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This is a cut-down version of the Wikipedia page. See User_blog:Enojado271/Imp_2_Map_Gen_Keys:_In_Summary#comm-2793 for its main relevance to Imperialism and Imperialism 2.

ASCII (Template:IPAc-en Template:Respell), abbreviated from American Standard Code for Information Interchange,[1] is a character-encoding scheme. Originally based on the English alphabet, it encodes 128 specified characters into 7-bit binary integers as shown by the ASCII chart on the right.[2] The characters encoded are numbers 0 to 9, lowercase letters a to z, uppercase letters A to Z, basic punctuation symbols, control codes that originated with Teletype machines, and space. For example, lowercase e would become binary 1100101.

ASCII codes represent text in computers, communications equipment, and other devices that use text. Most modern character-encoding schemes are based on ASCII, though they support many additional characters.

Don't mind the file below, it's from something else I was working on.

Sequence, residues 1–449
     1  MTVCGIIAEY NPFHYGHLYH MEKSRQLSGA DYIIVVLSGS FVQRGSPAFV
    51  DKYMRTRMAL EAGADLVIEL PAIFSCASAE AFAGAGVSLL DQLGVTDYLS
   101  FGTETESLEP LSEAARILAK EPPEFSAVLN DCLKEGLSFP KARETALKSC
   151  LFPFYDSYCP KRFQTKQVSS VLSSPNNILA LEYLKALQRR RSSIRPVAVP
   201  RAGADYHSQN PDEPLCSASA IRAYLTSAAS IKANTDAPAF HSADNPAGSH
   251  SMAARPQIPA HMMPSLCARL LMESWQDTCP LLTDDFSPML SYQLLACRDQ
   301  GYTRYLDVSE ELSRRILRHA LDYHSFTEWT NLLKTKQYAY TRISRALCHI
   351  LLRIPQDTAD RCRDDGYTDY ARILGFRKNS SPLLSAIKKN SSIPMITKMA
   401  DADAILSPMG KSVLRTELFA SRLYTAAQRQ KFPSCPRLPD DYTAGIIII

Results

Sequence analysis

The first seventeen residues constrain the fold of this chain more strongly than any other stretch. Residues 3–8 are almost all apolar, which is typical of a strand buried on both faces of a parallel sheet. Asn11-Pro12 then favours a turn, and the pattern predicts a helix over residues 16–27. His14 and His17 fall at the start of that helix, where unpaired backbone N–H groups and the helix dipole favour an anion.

ASCII includes definitions for 128 characters: 33 are non-printing control characters (many now obsolete)[3] that affect how text and space are processed[4] and 95 printable characters, including the space (which is considered an invisible graphic[5][6]).

The IANA prefers the name US-ASCII.[7] ASCII was the most common character encoding on the World Wide Web until December 2007, when it was surpassed by UTF-8, which includes ASCII as a subset.[8][9][10]

OrganizationEdit